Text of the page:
Posted on: September 30, 2020

For years, the ability of health information networks (HINs), like Hixny, to gain serious traction in the health information market has been hindered by the lack of consistency in electronic health record (EHR) systems. While some EHR systems allowed for the integration of HIN data, more often than not if users wanted the more complete and usable data available through an HIN, they were forced to leave the EHR, log into the HIN and perform another search for patient records.

But users didn’t like their workflow being interrupted, and with EHRs unwilling to help, HINs were left trying to convince users why the added time was worth it instead of focusing their energy and resources on other improvements.

It appears the days of EHRs standing in the way of access to complete data are almost behind us, though. As SMART on FHIR technology becomes more widely adopted by EHR vendors—largely because of FHIR specifications being strongly promoted by the federal government to solve the problem of interoperability nationwide—HINs can take advantage of the shift and start focusing on improved data flow.

For example, at Hixny we’ve developed a new patient record snapshot that uses the SMART on FHIR technology to ensure providers see the same patient information through their EHR that they would through our online provider portal. No more logging into Hixny’s provider portal. No more searching for patients. Just a click inside the EHR and the patient record is presented in the way providers have told us they prefer.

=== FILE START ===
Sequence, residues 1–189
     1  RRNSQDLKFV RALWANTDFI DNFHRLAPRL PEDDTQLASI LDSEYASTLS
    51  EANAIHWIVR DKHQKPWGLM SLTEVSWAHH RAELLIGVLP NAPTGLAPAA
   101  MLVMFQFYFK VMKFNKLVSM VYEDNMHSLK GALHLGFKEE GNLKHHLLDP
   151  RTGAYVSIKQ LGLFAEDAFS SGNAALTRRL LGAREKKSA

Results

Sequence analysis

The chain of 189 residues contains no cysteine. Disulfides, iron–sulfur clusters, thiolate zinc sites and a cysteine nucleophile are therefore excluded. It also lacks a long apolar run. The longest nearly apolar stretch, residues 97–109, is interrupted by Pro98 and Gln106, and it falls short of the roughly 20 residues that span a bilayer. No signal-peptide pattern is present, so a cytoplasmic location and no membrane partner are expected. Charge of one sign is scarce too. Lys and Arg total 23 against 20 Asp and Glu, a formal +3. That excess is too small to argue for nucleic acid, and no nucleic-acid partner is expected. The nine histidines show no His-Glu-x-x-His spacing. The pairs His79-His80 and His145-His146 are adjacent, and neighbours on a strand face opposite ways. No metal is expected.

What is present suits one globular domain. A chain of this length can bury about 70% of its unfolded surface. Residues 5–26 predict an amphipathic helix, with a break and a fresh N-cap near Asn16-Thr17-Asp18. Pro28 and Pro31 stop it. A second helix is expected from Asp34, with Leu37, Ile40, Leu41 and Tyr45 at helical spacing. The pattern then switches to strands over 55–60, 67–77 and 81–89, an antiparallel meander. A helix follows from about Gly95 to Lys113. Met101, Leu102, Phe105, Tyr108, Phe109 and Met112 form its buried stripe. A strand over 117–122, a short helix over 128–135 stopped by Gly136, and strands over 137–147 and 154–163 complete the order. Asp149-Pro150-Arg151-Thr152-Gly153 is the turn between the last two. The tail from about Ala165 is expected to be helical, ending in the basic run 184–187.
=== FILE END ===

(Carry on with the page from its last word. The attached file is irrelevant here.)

As a tool, SMART on FHIR helps standardize data presentation across user interfaces. This allows us—and I’m speaking as an industry here, not just an individual organization—to address user feedback that until now, we were largely unable to do because we didn’t have control over the user experience through the EHRs. This is the perfect opportunity for EHRs and HINs to start working together to build solutions that not only meet the needs of users but exceed their expectations.

What I see as the largest benefit to SMART on FHIR technology, though, is the ability to maintain the necessary, stringent security over data shared through HINs—across all viewing environments. Ultimately, the technology is a better approach than traditional single sign on integrations. Compared to traditional methods of integration, SMART on FHIR offers increased control over the user experience at a significantly lower cost to implement without sacrificing security, ease of use or upgradability.

Right now, and for the foreseeable future, this is the technological platform we can expect to see adopted and built upon across the health information field. As HINs, we’ve just begun to scratch the surface of the opportunities SMART on FHIR provides to support improvements in healthcare. As an organization, we look forward to continuing to contribute to the national discourse around making health information predictably usable across systems.

The annual SHIN-NY survey is live! If you receive an invitation from
SHIN-NY@norc.org, please take a few minutes to respond—your input makes it possible for us to continue innovating and improving.
close-link